Materials

World-first aerogel is made from plastic bottles, and has many potential uses

The process, which is said to be easily scalable for mass production, can produce an A4-paper-sized aerogel sheet from a single bottle
The process, which is said to be easily scalable for mass production, can produce an A4-paper-sized aerogel sheet from a single bottle
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The process, which is said to be easily scalable for mass production, can produce an A4-paper-sized aerogel sheet from a single bottle
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The process, which is said to be easily scalable for mass production, can produce an A4-paper-sized aerogel sheet from a single bottle
From left: Research Engineer Mr. Duyen Khac Le; Final year NUS Mechanical Engineering student Ryan Leung; Prof. Nhan; Assoc. Prof. Duong; and Singapore Institute of Manufacturing Technology collaborator Dr. Wendy Zhang 
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From left: Research Engineer Mr. Duyen Khac Le; Final year NUS Mechanical Engineering student Ryan Leung; Prof. Nhan; Assoc. Prof. Duong; and Singapore Institute of Manufacturing Technology collaborator Dr. Wendy Zhang 
The aerogel can be used in face masks that filter out dust particles and carbon dioxide
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The aerogel can be used in face masks that filter out dust particles and carbon dioxide

Pop bottles are one of the most common types of plastic waste, so the more ways that we can find of recycling them, the better. With that in mind, researchers at the National University of Singapore (NUS) have developed an inexpensive method of converting such bottles into a very useful aerogel.

Led by Assoc. Prof. Hai Minh Duong and Prof. Nhan Phan-Thien, the NUS team started with bottles made from commonly-used polyethylene terephthalate (PET). The PET was rendered down into fibers, which were then coated with silica. From there, the production process got pretty complex, but it basically involved chemically-treating the fibers so that they swelled up, and then drying them out.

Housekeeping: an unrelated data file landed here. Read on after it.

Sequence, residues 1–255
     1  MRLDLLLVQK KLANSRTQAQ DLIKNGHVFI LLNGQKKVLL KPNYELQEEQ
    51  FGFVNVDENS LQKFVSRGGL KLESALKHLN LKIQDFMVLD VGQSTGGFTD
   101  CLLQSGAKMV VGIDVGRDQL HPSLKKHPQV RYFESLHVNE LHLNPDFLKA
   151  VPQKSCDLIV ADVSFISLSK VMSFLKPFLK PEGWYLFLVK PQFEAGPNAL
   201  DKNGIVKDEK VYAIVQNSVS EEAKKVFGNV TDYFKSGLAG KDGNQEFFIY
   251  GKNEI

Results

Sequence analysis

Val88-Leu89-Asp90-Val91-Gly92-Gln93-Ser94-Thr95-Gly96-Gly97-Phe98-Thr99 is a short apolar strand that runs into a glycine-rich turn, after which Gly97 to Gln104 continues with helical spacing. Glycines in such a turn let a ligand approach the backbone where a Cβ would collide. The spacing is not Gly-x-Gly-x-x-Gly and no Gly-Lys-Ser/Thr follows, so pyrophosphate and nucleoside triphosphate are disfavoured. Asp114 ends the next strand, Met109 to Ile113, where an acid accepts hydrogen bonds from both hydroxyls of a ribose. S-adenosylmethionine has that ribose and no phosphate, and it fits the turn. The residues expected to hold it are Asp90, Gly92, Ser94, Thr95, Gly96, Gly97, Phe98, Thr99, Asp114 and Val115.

The resulting lightweight, porous, flexible and durable aerogel is the world's first such material to be made from PET, and it has many potential applications.

If coated with various methyl-group compounds, for instance, it can absorb spilled oil up to seven times more effectively than other commercially-available sorbent materials. It could also be used as thermal or acoustic insulation in buildings, or (when coated with an amine-group compound) as a filter that captures dust particles and carbon dioxide in reusable face masks. The researchers are additionally looking into surface modifications that would allow the material to trap toxic gases such as carbon monoxide.

The aerogel can be used in face masks that filter out dust particles and carbon dioxide
The aerogel can be used in face masks that filter out dust particles and carbon dioxide

Perhaps its best use, though, would be as protective insulation in firefighters' coats. When the material was coated with fire-retardant chemicals, it was able to withstand temperatures of up to 620 ºC (1,148 ºF). The aerogel weighs only about 10 percent as much as protective insulation currently used in such coats, though, plus it's softer and more flexible.

NUS has patented the technology, and is now looking for industrial partners to help commercialize it. A paper on the research was recently published in the journal Colloids and Surfaces A.

Source: National University of Singapore

6 comments
Trylon
If it's good for building insulation and soft and flexible enough for firefighters' turnout gear, why not an untreated, non-fire retardant version for civilian winter outerwear? It might be able to give Primaloft and maybe even goose down a run for their money. Wouldn't be as compressible as down, but other than hikers, most people don't care about compressibility.
david239
The material you describe is not an aerogel.
YuraG
As a protective insulation in firefighters' coats it will face a tough competition from cheap and established fibers, e.g. basalt which copes well with higher temps and has a very sweet price point.
christopher
Sounds like a whole new way to succumb to Silicosis...
EZ
So, what happens when the 2nd use is done? More recycling into "useful" products?
amazed W1
I won't bet on it but I reckon it'll be some time before the significant effect of the non-combustible coating allows the material to be used where it really is needed - in insulating buildings. The current UK parliamentary demand is for nothing in facades of taller buildings to be "combustible", the meaning of the word not being explained in context or detail, and the way the material is used and treated, and the design of elements in which it is used, are simply not considered. Political expediency means that Safety Now overrules sustainability, i.e. the safety of future generations.